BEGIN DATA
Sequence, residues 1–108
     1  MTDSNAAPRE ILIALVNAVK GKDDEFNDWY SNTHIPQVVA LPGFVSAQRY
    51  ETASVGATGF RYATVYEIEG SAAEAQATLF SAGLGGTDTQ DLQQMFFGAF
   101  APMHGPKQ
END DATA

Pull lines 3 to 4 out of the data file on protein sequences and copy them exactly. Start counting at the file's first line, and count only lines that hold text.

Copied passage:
    51  ETASVGATGF RYATVYEIEG SAAEAQATLF SAGLGGTDTQ DLQQMFFGAF
   101  APMHGPKQ